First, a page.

Like any other world capital, London has its share of showy new buildings. But like no other serious world power, Britain has made available one of its showiest new architectural landmarks to its Secret Intelligence Service, an organization still technically non-existent at the start of construction. Rumored to cost £240 million, the building has between nine and twelve visible stories (no one seems able to make a definitive count) and reportedly five more levels of ‘computer citadel’ below. Portions of the exterior are deep green in color, which probably offends the purists no less than does the presence
altogether of this blatantly strange—and strangely blatant—edifice. The building was actually a speculative project built for the government’s Property Services Agency and was not therefore purpose-built for SIS. But the government offered it to SIS and SIS took it, creating what is now generally considered a. public relations disaster (compounded, no doubt, by the additional £85 million spent to adapt the building for its first occupant).
As MI6 prepared to leave nearby Century House (the anonymous-looking tower at Lambeth North station), many secrets began to be left behind. The chief of SIS was routinely identified in the press. A high-level retired officer spoke on television about the future of the service. Various media mentioned that the staff of SIS was ‘about 2,000 full-time officers’ and that ‘a third of its resources’ had been directed to the Soviet bloc. By 1992 the Prime Minister had publicly acknowledged the existence of SIS and promised to ‘sweep away some of the cobwebs of secrecy.’
With the high visibility of the new headquarters came unabashed speculation about the organization within. One observer opined on BBC that ‘MI6 has perhaps got nothing to do now [the Soviet Union having self-destructed], so it might as well come out of the closet’. I doubt that MI6’s job is over. The Soviet Union is history, to be sure. But while we are told that the ‘new KGB’ has been reduced, we are also told that it continues to expand. The GRU has certainly not been reduced, and the GRU has traditionally been the vehicle for the industrial and economic espionage that will increasingly occupy the former Soviet Union. (In fact, the successor to the KGB—Russia’s Foreign Intelligence Service—has indicated that its own emphasis will now be on industrial espionage.) A portion of MI6’s attention must remain with this major power, even while the job of MI6 in the new polycentric world has increased geometrically; MI6 must now keep tabs on many countries and blocs. Every schoolchild knows the problems: nuclear proliferation, chemical and biological capabilities, international terrorism and drug trafficking, newly unleashed nationalisms, aggressive Islamic fundamentalism. And it is not unreasonable to fear a resurgent Russian empire: nationalistic, authoritarian, religious, expansionist, and unhampered by the dead hand of Marxism. So while one observer likens this new building, some delight, to an Aztec or Mayan temple, I doubt that SIS soon go the way of those dead civilizations.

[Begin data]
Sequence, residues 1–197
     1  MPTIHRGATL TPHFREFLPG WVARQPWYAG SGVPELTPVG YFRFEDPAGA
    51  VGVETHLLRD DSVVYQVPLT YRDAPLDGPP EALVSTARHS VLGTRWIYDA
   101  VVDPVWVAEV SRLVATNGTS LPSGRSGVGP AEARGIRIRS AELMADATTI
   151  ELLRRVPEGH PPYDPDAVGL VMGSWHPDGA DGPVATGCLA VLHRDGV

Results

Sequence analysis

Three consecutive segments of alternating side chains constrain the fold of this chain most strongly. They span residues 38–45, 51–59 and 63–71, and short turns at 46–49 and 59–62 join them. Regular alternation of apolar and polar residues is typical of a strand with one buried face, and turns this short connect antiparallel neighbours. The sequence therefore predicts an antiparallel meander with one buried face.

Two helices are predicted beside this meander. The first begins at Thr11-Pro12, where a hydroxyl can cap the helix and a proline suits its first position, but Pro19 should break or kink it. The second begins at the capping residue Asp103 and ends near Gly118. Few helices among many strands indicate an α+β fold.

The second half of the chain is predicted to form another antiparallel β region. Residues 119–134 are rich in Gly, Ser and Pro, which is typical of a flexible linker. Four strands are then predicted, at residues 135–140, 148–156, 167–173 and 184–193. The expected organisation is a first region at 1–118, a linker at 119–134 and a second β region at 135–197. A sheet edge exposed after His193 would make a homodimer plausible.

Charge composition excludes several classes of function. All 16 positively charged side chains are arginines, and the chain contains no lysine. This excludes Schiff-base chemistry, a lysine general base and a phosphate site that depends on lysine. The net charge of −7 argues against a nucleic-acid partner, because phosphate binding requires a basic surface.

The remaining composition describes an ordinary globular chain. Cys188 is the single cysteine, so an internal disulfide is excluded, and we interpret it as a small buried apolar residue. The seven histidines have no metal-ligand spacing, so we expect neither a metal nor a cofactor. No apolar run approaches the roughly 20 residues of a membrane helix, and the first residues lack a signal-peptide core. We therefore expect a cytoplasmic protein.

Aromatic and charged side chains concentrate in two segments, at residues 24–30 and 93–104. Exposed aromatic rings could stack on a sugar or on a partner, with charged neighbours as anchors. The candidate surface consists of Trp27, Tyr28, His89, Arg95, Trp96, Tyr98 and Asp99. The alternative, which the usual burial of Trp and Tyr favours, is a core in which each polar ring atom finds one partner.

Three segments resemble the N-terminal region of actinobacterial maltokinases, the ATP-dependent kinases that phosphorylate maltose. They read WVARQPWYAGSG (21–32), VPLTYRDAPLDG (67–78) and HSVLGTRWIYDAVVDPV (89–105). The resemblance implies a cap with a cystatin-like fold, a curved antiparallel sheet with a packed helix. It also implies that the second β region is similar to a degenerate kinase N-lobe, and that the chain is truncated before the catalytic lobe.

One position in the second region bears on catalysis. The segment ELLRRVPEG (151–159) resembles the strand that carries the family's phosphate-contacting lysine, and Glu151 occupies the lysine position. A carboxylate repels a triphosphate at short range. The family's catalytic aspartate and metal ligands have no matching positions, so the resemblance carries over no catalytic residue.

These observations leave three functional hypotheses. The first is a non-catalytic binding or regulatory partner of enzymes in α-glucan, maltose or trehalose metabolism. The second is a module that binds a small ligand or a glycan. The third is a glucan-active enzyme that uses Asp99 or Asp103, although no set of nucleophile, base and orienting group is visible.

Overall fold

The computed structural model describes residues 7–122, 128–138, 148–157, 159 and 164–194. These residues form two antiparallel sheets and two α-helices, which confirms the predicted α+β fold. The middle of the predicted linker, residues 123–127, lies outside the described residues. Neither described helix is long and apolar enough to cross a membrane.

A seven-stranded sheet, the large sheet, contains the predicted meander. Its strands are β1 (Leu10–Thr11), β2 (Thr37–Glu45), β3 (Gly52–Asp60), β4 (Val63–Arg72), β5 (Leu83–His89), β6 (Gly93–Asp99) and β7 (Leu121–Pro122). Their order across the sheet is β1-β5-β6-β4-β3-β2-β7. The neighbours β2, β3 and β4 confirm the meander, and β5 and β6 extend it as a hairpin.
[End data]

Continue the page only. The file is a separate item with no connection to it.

Interestingly, MI6 has responded to a changed world by increasing recruitment of old-fashioned on-the-ground intelligence agents. Will the new headquarters cause these agents to become more ‘ostentatious’ or ‘extravagant’ or ‘flamboyant’ as one commentator imagines? I think not. It takes more than a building to shape an institution. Despite the new showiness of MI6 (with this building) and despite the new openness altogether, I doubt that secrecy will soon pass from the scene. I doubt that casual visitors will be admitted for instance—even to the new two-room museum that a Whitehall source has likened to the KGB museum in the Lubyanka.
A note by Roy Berkeley:
Still in the Sloane Square area one finds Christopher Wren’s Chelsea Royal Hospital, home of the Chelsea Pensioners. In the surrounding wall there is the loose brick behind which the KGB’s Yuri Modin placed messages and cash for his agents. Guy Burgess didn’t care for this “dead letter box” (I can see why: it was far too exposed) and Modin often had to retrieve the stuff himself. One block farther along Royal Hospital Road is the National Army Museum. King’s Road passes by the Sloane Square tube stop and is the street that launched the mini-skirt and still purveys the styles that shock. On Sloane Avenue, just beyond Whitehead’s Grove, is the Nell Gwynn House. The capable Philip Johns, who was unusual in having worked both for SIS and SOE, lived here during the 1940s. He had served with SIS outside Britain, then was brought back to London to head SOE’s Belgian Section. After the Englandspiel disaster (see Site 75—140 Park Lane, near the Marble Arch) his responsibility expanded to include Dutch Section. He also served with the Air Raid Wardens on the roof here, during the Blitz, ready with sand buckets to smother incendiary bombs.
SOE was compelled to employ at least some SIS people, because of their experience in intelligence work or their knowledge of the target countries, but many in SIS considered SOE a bunch of bungling amateurs and many in SOE considered SIS a pack of tradition-bound incompetents. In fact, a real and substantial conflict of interest existed between the two organizations. “Their functions were different,” Nigel West writes in MI6; “SIS was the information gatherer who felt that its role was ‘to watch enemy troops crossing a bridge’ whilst SOE’s brief was sabotage, ‘to blow up the bridge to prevent army movements.’” SIS people would necessarily be put at risk by SOE people. A notable “rack of cordiality prevailed between the two organizations.
 Roy Berkeley, op. cit, pp. 21-23
 When I (Fred L. Wilson) visited London last, the MI6 monstrosity was universally referred to as “LegoLand” which makes a lot of sense.
 Also see Paine, Lauran (1984). German Military Intelligence in World War II: The Abwehr. New York: Stein and Day